At first, some people doubted a march could change attitudes. But 500 students attended the first event, and in 2015, more than 3,000 students and community members, including Chicago Mayor Rahm Emanuel, participated. The march is also the subject of a 30-minute documentary, I Am for Peace, which follows Hutchins and classmates as they plan the now-annual happening.

“People saw this as the start of something that can save lives,” Hutchins says. “A lot of people told me the movement had a positive influence on them.”

Tiger Mentor, Celebrity Peers

Through Emanuel’s involvement in the march, Hutchins met Tarrah Cooper, BJ ’08, the mayor’s press secretary. When Cooper heard Hutchins was planning to attend Mizzou in the fall, she quickly became Hutchins’ mentor.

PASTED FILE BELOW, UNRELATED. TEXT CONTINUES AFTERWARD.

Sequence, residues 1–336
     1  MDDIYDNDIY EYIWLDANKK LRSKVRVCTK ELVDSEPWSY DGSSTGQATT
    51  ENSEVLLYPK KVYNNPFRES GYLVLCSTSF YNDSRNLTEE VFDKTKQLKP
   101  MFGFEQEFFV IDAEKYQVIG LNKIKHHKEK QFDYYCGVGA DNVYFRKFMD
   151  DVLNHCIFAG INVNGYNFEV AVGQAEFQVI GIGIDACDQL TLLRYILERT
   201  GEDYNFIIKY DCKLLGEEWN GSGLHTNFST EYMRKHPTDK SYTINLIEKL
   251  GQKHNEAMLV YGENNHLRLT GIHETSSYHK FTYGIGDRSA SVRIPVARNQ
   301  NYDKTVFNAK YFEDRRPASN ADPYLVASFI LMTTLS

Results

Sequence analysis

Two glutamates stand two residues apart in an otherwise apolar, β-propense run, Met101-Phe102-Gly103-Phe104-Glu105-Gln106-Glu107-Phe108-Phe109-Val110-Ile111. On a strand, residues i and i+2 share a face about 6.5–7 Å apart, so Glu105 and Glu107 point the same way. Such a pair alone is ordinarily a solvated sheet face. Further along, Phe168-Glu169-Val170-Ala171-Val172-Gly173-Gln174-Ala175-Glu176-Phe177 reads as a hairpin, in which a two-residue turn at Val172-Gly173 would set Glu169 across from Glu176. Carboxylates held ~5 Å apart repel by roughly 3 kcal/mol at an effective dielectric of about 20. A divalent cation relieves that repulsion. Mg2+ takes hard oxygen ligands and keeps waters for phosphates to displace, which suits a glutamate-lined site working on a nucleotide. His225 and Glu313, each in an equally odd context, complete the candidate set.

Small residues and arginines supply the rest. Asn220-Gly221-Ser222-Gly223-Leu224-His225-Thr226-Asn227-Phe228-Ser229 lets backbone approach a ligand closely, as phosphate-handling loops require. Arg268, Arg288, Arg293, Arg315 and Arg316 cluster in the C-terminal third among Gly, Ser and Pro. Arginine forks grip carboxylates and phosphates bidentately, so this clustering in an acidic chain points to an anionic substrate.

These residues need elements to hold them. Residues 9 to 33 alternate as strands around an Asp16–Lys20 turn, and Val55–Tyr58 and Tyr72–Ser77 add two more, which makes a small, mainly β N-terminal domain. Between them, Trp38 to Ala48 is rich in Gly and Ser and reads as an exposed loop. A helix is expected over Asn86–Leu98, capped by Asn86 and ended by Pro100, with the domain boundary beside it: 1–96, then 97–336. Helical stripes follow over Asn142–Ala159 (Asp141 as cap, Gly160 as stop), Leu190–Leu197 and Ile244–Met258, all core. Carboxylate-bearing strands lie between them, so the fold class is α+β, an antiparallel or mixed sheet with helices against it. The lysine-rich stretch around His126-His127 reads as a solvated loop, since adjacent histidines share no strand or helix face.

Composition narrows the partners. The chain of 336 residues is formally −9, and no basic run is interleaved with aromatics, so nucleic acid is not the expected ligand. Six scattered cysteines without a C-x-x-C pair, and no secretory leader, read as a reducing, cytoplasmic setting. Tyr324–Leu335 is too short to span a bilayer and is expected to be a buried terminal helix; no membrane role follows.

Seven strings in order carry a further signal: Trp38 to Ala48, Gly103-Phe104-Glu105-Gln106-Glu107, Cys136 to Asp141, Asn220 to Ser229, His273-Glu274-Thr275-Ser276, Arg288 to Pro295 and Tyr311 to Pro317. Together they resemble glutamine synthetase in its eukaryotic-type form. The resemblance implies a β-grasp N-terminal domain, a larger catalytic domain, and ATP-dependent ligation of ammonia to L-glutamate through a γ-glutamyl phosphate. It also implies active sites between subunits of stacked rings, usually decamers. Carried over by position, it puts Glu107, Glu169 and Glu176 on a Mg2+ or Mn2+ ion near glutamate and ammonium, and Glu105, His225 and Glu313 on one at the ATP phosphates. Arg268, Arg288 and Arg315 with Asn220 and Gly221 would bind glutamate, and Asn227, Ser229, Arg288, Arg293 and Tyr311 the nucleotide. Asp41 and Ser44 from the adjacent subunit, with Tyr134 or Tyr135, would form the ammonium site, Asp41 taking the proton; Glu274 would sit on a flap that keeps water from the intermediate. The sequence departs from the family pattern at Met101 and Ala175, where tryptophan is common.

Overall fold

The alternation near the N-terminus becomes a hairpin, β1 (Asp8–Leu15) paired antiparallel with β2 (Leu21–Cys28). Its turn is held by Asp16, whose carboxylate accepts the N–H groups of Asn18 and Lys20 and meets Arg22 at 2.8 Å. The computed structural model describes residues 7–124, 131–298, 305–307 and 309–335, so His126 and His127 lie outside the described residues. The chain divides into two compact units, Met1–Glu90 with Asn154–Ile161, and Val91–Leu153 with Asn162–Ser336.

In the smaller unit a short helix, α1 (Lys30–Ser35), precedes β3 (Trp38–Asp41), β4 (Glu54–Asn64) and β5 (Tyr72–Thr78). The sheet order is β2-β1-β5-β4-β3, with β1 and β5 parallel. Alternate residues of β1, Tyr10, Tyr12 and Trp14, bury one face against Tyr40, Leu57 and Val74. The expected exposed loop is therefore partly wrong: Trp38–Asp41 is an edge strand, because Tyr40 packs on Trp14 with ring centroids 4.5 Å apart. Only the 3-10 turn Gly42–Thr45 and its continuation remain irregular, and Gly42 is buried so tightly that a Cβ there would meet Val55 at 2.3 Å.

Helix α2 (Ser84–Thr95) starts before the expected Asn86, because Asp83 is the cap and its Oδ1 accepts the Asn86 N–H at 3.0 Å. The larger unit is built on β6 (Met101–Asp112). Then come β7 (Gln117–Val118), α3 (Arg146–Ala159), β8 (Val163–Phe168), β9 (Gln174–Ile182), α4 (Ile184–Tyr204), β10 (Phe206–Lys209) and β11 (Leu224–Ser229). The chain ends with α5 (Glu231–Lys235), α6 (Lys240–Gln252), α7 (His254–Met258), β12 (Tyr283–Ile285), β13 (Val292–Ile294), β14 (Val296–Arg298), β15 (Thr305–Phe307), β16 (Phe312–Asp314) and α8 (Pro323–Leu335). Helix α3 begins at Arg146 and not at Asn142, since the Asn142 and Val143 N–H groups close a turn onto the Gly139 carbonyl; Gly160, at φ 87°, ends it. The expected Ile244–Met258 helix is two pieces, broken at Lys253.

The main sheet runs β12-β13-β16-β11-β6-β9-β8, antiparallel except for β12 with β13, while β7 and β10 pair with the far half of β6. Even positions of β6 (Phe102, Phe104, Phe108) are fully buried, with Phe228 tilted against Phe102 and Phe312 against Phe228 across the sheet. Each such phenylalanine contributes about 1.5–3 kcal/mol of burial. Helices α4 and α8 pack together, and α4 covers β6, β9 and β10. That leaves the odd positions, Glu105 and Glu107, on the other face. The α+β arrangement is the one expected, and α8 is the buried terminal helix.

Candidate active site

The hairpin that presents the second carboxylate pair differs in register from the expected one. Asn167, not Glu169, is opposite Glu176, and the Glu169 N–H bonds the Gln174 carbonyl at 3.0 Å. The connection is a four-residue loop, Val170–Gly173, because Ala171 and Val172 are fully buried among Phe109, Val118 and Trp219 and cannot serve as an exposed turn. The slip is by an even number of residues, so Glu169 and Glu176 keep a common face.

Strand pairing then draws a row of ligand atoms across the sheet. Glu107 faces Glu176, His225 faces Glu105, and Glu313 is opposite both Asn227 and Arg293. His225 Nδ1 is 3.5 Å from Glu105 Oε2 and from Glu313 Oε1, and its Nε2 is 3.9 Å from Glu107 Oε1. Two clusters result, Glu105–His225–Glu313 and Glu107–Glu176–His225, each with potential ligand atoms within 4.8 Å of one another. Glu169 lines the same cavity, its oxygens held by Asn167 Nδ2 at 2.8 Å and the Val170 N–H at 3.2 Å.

“I was really impressed by her poise and her compassion,” Cooper says. “She wants to be an advocate for her generation, to be an activist for peace.”

“She’s an incredibly gifted and strategic leader.”
Cooper encouraged Hutchins to continue her activism at Mizzou and to get to know the challenges facing Columbia, her new community. Hutchins plans to continue her efforts at promoting peace and stopping violence. But she’s going to take Cooper’s advice to study hard while also taking time to enjoy the college experience. She’s excited to hang out with her brother, Romanus Hutchins, a sophomore physics major; attend Mizzou football games; and dig into her political communication classes.